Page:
FEATURES/FEATURES/FEATURES
ART
Getting Cilli: CODG hopes to shake things up

BY LAURA PARSONS ART@READTHEHOOK.COM

Talking with Monty Montgomery is like throwing back a double&emdash; no, make that a triple shot of espresso. The 28-year-old artist, who just opened CODG (which technically, stands for Cilli Original Designs Gallery, although Montgomery prefers its acronym), can't get the words out fast enough as he gushes about his latest endeavor, sitting in his zebra-rugged studio, its ceiling and walls jammed with photos, quotations, and other scraps of inspiration.

How did he decide to open a gallery?

"I've been deciding it for years," he says and points to a tick list plastered on the ceiling labeled "The Map," which outlines goals Montgomery has set for himself.

The clothing designer/poet/painter moved from Richmond to Charlottesville last year and took over a studio space adjacent to the Bullseye Gallery beneath the Jefferson Theater. When Bullseye owner Kimberly Larkin decided not to renew the gallery's lease, Montgomery jumped at the opportunity to create an artists' cooperative and alternative art venue.

His ideas for CODG, which officially opened its doors December 5, pour forth as if from a wide-open faucet. He imagines offering radically different gallery hours, perhaps 7pm-midnight. "When do most people have time to go see art?" Montgomery asks.

On Tuesday or Thursday evenings, he plans to host "Monty's Lounge," a forum where artists, writers, and musicians can present works-in-progress and receive friendly feedback to fuel completion. His hope is that even non-artists will attend and muster up the courage to get creative.

Montgomery says the freshly painted and newly lighted gallery space will display both CODG members' and outside artists' work. In addition, he intends to occasionally rent out walls to up-and-coming artists who want to test their ideas publicly.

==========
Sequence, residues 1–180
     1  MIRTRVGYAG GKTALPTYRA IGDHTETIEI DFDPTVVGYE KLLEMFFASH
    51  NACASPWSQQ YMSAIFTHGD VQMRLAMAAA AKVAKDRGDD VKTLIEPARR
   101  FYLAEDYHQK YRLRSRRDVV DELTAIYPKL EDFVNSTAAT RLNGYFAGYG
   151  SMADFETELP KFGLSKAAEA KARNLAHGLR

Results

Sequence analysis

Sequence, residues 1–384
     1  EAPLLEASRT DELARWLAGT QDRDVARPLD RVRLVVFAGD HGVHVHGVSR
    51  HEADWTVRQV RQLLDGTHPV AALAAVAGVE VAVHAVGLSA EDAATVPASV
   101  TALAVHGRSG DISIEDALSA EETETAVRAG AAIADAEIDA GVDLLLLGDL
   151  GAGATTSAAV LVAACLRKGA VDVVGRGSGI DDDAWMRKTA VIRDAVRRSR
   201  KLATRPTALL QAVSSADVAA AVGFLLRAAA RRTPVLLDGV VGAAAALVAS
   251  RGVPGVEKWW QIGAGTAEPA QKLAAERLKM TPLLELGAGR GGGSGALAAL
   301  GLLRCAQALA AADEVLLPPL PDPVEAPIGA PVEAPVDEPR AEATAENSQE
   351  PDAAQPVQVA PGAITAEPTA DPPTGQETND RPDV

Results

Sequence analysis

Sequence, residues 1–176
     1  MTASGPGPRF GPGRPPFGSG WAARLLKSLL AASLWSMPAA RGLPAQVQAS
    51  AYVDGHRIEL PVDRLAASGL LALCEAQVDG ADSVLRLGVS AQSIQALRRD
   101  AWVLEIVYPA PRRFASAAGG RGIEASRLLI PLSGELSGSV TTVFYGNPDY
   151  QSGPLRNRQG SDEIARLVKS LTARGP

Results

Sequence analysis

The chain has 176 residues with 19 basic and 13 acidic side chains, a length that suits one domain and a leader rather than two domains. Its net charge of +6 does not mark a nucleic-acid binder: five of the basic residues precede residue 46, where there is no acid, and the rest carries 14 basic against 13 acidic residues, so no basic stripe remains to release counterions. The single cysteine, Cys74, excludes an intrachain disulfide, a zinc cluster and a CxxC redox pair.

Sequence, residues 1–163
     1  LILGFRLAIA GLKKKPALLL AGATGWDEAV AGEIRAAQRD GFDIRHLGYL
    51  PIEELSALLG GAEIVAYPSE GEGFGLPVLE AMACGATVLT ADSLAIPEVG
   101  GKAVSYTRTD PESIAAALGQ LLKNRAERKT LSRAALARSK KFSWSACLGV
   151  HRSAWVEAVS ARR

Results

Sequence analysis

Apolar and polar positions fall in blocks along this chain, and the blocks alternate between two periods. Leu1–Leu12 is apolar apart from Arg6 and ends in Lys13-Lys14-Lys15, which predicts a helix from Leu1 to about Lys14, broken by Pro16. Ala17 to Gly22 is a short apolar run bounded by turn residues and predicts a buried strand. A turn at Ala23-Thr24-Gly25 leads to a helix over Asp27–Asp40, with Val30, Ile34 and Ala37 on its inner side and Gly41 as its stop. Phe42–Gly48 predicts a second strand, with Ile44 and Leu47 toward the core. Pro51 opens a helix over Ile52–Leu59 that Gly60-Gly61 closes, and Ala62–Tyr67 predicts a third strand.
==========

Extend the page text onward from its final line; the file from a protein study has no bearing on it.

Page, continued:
"It's going to be always like an organism," Montgomery explains. "That's the best word for the gallery."

CODG currently has an alliance of 12 artists– hand-picked by Montgomery, who values spirit over skill level. Its opening group show provides an introduction to the wide range of its members' visions.

At the bottom of the inky stairwell, Montgomery's acid-colored pop-art paintings, reminiscent of '60s artist Peter Max, usher visitors into the gallery proper. The opposite wall, in contrast, teases with saucy glossies from photographer Billy Hunt's "Hot Moms of C'ville" calendar. And surrounding the pillar at the gallery's center, Tara Griffin's abstract acrylics draw attention to the simple power of the line.

Looking around the space, Montgomery positively effervesces with excitement. "It's a new urban art hub!" he raves.

CODG's group show is on view through December. 112 E. Main St., under the Jefferson Theater. Info: 242-4212 or monty@cillidesigns.com.

WORDS
Good grief! Making the most of dying

BY ELIZABETH KIEM WORDS@READTHEHOOK.COM

There's no shortage of ways to anthropomorphize death. He's a reaper, he's a ferryman, he's a black-eyed lady. No wonder we're scared. Put him in a fedora and a bow-tie, and far more people would be willing to make his acquaintance. Even if they're just confusing death with George Burns.

Thomas Lynch talks a lot about the "good death." He's seen it, he's participated in it, he's celebrated it, and he's coached it. He's made some money from it&endash; but then he's made money from the bad ones, too. He's an undertaker– and yes, he wears a bowtie.